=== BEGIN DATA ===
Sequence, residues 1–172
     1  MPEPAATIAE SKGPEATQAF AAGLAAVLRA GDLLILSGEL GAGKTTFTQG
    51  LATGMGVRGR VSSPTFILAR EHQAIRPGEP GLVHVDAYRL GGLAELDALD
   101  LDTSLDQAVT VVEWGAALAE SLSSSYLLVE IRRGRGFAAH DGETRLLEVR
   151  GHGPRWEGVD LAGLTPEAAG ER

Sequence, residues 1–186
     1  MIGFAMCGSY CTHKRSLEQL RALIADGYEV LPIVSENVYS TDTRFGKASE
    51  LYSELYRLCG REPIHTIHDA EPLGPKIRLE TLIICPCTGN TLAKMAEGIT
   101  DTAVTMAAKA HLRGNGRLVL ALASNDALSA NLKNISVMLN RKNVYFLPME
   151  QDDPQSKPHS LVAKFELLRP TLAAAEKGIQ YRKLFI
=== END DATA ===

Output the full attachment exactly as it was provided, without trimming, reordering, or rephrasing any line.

Sequence, residues 1–172
     1  MPEPAATIAE SKGPEATQAF AAGLAAVLRA GDLLILSGEL GAGKTTFTQG
    51  LATGMGVRGR VSSPTFILAR EHQAIRPGEP GLVHVDAYRL GGLAELDALD
   101  LDTSLDQAVT VVEWGAALAE SLSSSYLLVE IRRGRGFAAH DGETRLLEVR
   151  GHGPRWEGVD LAGLTPEAAG ER

Sequence, residues 1–186
     1  MIGFAMCGSY CTHKRSLEQL RALIADGYEV LPIVSENVYS TDTRFGKASE
    51  LYSELYRLCG REPIHTIHDA EPLGPKIRLE TLIICPCTGN TLAKMAEGIT
   101  DTAVTMAAKA HLRGNGRLVL ALASNDALSA NLKNISVMLN RKNVYFLPME
   151  QDDPQSKPHS LVAKFELLRP TLAAAEKGIQ YRKLFI